“I don’t know how we would have met otherwise.” Sue Dussinger says speaking about her good friend Shelley Brosnan.  “Now we follow each other to volunteer projects.”

Volunteering has many, many personal benefits. But friendships made during volunteer activities are one of the greatest benefits…just ask Sue.

On the last Saturday of each month, these volunteers and friends gather at Ladrey Senior Residence in Alexandria where they help distribute groceries to low-income families. The project,  ALIVE! (Alexandrians Involved Ecumenically) is part of VF’s Volunteers for Changecalendar.  Besides Sue and Shelley, there are other VFCers, Jane Foster, Barbara Gartley, Pat Klenow and Michelle Shea.
These ladies obviously enjoy serving together.  They are a good team, smiling and conversing while their hands are busy performing tasks and helping clients.  Later after the work is done, the friends jump in their vehicles and head for The Sugar Shack for a well-deserved coffee and donut.  There they chat about their weekend plans and upcoming volunteer activities.

Each woman has a different life story.  There’s Jane from Indiana, Pat from Michigan and Michelle from Pennsylvania.  They have led busy lives:  Like Barbara caring for her parents and Jane working with the NFL.  Some of the ladies have children and others have pets.  But at some point—in their very unique paths–each was inspired to get involved in volunteering.  Their reasons for volunteering were also varied:   “Seeking something different.”  “Keep me from shopping.” And, “Access to opportunities.”

What they found was a world of opportunity…the opportunity to have an impact on meaningful projects like supporting women in developing nations and making lunches for the hungry; the opportunity to attend events and see shows while volunteering at Wolf Trap, Ford’s Theater and at the Library of Congress; and the opportunity to exercise leadership skills as team captain on service projects.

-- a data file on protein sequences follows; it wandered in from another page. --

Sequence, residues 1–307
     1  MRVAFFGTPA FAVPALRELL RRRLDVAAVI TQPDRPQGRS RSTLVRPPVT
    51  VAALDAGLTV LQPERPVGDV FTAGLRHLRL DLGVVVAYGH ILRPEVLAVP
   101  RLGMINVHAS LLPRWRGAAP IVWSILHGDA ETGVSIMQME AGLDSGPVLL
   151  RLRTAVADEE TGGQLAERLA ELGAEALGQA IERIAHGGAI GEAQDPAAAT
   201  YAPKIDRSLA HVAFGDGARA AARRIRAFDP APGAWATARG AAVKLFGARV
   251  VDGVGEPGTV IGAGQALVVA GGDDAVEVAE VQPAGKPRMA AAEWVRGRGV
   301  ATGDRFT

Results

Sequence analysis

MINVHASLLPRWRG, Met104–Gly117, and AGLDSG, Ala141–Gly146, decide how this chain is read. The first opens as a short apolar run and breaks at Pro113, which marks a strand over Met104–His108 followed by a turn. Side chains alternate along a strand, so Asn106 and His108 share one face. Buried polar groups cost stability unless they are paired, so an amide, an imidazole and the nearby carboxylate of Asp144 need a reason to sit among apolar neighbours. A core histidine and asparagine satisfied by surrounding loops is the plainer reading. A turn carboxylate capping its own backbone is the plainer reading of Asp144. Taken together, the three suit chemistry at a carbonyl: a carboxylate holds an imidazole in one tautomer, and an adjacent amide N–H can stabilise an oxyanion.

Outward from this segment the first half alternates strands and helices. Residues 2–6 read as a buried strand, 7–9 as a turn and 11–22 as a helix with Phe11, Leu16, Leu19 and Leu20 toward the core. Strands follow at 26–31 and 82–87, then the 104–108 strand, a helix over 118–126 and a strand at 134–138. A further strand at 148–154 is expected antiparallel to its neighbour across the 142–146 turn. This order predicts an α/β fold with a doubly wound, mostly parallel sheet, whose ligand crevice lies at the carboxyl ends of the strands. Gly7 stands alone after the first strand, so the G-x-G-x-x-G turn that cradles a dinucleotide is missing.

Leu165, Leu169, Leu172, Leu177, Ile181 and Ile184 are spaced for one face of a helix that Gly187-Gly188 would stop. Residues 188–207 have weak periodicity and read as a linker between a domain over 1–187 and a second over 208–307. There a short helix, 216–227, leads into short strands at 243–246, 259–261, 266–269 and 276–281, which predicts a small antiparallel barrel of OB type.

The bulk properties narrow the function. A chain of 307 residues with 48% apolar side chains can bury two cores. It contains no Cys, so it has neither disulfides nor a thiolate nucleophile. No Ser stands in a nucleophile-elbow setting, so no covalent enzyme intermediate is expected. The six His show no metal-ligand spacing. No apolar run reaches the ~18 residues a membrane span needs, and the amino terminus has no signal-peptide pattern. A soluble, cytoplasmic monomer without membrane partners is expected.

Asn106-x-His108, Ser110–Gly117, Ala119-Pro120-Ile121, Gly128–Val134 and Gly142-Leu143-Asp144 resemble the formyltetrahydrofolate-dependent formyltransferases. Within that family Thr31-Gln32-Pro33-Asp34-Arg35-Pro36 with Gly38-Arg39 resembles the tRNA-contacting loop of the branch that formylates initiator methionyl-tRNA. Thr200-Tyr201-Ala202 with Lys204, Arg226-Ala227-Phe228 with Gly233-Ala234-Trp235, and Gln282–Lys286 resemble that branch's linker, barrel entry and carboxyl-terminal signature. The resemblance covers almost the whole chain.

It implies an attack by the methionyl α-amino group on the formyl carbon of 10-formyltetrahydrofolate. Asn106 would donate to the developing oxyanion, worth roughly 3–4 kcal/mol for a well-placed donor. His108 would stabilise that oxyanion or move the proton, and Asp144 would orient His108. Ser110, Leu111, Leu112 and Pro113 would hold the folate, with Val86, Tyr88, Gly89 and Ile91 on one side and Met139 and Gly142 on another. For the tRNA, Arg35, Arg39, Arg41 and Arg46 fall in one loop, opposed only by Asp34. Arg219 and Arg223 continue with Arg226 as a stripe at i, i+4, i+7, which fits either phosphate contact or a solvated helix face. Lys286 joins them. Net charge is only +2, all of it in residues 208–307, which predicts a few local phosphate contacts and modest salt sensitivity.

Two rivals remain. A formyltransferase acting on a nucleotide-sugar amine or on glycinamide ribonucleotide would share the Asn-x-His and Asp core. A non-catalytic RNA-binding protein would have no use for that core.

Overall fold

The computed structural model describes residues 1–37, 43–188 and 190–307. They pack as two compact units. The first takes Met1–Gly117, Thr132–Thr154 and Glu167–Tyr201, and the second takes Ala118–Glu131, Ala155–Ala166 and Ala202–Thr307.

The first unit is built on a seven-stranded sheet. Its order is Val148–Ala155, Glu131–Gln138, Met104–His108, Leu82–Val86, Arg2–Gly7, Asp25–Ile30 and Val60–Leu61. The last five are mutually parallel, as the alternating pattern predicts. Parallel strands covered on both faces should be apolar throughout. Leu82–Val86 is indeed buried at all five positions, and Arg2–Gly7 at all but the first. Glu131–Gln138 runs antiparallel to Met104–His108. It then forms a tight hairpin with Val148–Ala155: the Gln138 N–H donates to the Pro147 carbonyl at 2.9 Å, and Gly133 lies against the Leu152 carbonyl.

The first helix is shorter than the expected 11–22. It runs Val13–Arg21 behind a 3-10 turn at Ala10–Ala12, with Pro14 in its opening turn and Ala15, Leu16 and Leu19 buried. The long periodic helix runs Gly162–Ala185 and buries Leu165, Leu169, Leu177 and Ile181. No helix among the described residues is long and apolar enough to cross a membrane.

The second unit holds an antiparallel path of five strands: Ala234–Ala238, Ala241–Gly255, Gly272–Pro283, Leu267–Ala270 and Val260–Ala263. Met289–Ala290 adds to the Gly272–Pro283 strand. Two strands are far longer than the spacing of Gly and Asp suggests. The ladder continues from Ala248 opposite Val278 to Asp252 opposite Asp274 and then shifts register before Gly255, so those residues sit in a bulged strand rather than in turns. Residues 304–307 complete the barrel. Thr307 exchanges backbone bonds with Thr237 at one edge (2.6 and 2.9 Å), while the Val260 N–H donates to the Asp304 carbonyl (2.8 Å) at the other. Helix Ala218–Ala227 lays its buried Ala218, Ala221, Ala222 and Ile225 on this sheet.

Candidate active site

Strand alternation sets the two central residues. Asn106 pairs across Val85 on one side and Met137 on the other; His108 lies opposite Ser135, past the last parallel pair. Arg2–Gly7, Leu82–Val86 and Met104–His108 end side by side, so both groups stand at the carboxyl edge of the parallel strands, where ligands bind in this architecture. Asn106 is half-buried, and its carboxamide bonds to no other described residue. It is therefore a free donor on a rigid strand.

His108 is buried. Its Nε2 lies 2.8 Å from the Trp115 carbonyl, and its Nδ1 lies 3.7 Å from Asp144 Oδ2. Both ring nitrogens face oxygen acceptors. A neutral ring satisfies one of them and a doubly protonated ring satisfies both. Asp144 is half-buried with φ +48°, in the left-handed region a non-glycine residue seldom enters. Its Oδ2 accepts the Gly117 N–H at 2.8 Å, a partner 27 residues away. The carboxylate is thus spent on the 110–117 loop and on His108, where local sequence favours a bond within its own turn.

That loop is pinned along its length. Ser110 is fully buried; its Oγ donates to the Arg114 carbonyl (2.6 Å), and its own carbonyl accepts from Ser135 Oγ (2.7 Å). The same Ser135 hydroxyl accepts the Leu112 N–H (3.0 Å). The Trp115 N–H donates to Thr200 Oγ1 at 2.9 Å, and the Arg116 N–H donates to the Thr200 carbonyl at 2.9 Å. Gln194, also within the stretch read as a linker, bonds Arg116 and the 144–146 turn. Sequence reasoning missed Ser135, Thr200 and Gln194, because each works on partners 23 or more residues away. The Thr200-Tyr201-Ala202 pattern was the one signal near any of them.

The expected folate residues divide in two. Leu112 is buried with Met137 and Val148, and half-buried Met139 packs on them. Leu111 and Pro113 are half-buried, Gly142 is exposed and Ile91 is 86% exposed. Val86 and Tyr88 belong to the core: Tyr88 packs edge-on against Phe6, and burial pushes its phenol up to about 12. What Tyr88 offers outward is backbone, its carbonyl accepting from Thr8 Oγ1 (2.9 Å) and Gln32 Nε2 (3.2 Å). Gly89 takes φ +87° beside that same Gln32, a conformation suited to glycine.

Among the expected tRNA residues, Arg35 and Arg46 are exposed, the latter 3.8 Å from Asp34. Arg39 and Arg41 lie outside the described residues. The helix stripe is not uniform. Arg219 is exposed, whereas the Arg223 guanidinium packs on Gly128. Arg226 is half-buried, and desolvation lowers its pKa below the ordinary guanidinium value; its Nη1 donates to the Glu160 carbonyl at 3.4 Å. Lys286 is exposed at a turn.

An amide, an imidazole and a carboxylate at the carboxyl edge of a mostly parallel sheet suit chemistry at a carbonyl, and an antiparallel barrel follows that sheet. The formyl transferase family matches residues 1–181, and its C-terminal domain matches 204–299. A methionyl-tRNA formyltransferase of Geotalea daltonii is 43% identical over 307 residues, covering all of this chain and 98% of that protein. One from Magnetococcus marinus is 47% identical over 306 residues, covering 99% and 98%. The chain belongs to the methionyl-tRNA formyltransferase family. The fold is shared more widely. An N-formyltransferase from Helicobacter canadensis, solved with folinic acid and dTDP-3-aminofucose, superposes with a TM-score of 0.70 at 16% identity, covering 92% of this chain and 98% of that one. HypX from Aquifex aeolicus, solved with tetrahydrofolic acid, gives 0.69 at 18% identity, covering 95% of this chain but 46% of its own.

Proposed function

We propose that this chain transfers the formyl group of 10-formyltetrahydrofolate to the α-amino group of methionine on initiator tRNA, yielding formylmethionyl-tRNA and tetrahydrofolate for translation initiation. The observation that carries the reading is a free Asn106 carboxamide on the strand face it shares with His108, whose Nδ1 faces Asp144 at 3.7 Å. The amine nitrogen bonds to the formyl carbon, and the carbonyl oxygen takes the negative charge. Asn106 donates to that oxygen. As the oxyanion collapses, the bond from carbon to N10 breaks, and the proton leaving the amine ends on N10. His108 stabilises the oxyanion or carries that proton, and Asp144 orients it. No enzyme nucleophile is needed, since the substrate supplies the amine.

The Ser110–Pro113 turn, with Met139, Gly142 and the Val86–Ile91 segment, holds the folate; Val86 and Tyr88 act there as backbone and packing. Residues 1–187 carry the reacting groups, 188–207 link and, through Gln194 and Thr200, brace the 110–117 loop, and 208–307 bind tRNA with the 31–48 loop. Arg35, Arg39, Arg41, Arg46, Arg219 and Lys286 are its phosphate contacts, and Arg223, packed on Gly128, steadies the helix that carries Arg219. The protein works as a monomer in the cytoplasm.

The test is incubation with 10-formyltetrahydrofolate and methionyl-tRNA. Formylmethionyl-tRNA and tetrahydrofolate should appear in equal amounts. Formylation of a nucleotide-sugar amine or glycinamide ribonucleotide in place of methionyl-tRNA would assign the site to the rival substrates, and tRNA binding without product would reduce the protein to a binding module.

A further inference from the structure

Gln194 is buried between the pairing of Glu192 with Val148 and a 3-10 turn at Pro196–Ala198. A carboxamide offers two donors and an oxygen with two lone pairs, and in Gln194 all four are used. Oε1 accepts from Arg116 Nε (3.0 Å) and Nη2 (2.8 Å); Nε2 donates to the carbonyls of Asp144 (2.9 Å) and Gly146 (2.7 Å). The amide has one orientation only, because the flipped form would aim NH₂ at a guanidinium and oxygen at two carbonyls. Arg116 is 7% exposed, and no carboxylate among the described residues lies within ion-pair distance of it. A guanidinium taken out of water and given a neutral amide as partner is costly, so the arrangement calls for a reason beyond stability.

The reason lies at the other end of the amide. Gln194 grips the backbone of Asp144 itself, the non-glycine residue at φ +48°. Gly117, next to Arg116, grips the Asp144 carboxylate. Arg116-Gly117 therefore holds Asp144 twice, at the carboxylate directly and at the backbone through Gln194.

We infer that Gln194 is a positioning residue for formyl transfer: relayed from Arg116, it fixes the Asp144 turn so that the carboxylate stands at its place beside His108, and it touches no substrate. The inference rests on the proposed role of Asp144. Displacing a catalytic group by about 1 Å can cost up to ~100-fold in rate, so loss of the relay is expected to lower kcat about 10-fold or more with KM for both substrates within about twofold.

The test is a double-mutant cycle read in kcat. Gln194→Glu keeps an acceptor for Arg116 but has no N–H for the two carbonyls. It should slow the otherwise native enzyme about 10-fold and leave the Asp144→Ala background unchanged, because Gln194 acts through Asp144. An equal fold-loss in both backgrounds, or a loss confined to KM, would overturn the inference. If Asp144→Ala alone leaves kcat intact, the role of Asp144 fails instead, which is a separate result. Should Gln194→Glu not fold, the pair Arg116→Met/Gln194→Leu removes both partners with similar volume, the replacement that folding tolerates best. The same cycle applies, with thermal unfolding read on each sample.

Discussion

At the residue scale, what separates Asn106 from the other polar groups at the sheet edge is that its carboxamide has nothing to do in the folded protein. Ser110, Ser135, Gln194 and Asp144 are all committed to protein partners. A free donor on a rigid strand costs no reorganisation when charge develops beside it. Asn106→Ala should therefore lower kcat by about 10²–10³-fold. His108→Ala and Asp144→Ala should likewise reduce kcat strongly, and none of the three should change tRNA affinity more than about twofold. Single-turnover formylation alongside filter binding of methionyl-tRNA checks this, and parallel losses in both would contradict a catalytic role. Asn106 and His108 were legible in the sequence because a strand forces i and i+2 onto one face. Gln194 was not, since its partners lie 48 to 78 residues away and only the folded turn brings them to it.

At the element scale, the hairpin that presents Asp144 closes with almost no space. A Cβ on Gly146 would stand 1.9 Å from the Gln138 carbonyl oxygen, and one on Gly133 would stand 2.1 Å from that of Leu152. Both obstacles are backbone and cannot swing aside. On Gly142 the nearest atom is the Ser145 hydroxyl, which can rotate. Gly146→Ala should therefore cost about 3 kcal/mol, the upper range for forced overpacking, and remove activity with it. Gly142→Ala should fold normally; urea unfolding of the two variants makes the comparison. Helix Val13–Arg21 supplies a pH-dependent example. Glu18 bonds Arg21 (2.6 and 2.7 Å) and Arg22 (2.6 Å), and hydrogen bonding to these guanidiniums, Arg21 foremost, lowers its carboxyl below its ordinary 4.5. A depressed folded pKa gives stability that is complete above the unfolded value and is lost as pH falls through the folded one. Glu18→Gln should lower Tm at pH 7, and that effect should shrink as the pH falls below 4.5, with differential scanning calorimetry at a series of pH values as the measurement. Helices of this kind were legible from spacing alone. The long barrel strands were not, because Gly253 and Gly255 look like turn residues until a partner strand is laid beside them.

As they got involved in these community projects another wonderful opportunity occurred…friendships developed among these women who — though different in experience—are like-minded in their commitment to volunteerism and now to each other. “Who else is going?” they ask when discussing an activity. And, Shelley stated, “Now that we’ve made such good friendships, there is a personal commitment to each other, not just the project, because you don’t want to let each other down.”

Barbara added, “My discovery of VFC has been wonderful and the friendships made are a bonus!”

Well, the donuts are finished now and these busy volunteers and friends are off to more Saturday activities. There is alot of research about how volunteering helps the community.  But on this morning in the donut shop, the research doesn’t matter.  The friendships matter.

You’ve Got to Have Friends by Bette Midler

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